As I’ve made clear in these reviews, I really don’t care about the question of whether or not Matt should kill, but given how central it is to this finale, I should have a much better idea of why he decides not to. Matt yells his heart out about not letting Fisk destroy him, but would he have reached that point if Fisk hadn’t given up in the middle of the fight? It’s supposed to be a big hero moment for Matt, but it plays more like a random impulse rather than the culmination of an internal struggle we’ve actually seen him grapple with. The closest we get to understanding Matt’s moral philosophy is Foggy explaining that Matt has a “Catholic thing” where he believes everyone is worthy of redemption, so if he kills someone he’s no longer worthy of redemption. Okay!


Clearly Matt goes through something transformative in that penthouse because after he’s done cutting a deal to send Fisk to prison, he’s suddenly that chill bro I mentioned before. In fact, Matt’s not even upset that the last thing he ever said to Father Lanton was “shame on you.” He shrugs the whole thing off with a “God works in mystery ways” monologue, which is also when he effortlessly smooths things over with Maggie too. Having Matt end the season in less of a despondent funk than he started it makes sense, but, again, this episode doesn’t feel like a culmination of Matt’s slow-burning arc so much as it feels like the character suddenly flips a switch and becomes a whole new person.

I kind of hate to come down so negatively on the finale of a season I thought had so much promise at the beginning. But the things I cared about most this season—namely Maggie and Matt’s relationship, and Matt’s friendship with Foggy and Karen—were largely sidelined in this episode so that Matt could once again become a solo vigilante. Given the recent bout of Marvel Netflix TV show cancellations, I’m not sure what the future holds for Daredevil. This episode leaves everyone in a place that feels appropriate for a series finale, but teases the full-on creation of Bullseye in case the show does wind up coming back for a fourth season. Daredevil’s highs are high enough that I’d be happy to see the show return for another round. But for now, I can’t say I’m too sad to bid this season farewell.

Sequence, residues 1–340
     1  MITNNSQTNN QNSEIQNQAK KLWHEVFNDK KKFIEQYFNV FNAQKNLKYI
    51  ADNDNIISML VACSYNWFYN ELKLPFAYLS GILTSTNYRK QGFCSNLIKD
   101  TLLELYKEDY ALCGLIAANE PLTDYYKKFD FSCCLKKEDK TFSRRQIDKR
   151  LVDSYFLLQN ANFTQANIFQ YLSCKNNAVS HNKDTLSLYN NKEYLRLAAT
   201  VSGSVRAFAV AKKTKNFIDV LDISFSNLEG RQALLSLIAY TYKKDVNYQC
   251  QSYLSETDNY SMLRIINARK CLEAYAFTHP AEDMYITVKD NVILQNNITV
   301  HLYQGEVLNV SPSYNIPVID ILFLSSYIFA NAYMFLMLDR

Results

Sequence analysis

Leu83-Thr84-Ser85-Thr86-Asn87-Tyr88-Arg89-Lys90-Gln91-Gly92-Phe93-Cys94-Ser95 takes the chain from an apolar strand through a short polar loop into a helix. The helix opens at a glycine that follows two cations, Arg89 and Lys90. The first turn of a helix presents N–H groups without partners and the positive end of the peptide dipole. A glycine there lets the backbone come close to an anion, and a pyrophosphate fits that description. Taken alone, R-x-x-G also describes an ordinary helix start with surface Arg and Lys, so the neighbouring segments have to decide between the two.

Stray observations

  • There’s no Turk Barrett in this season. I demand a refund.
  • We needed at least a dozen more scenes of Matt palling around with Foggy’s extended family because that’s truly the only thing I want from this show.
  • Matt takes on Daredevil’s famous “man without fear” nickname as a tribute to Father Lantom.
  • I thought the season would end by revealing that Elektra had also survived the Midland Circle incident, but I guess she’s really dead?
  • Matt gets in a cute dig at Jessica Jones while praising Karen’s investigative skills.
  • I’ll have to admit, I was pretty impressed with Fisk’s smooth moves during his first dance with Vanessa. Maybe he can organize a prison musical like Hugh Grant in Paddington 2.
  • Thanks for following along with these binge-reviews! I’ll be curious to see how I feel about the season after I have a little more distance from it (and after I have a little more sleep). You can let me know what you thought of the season over on Twitter!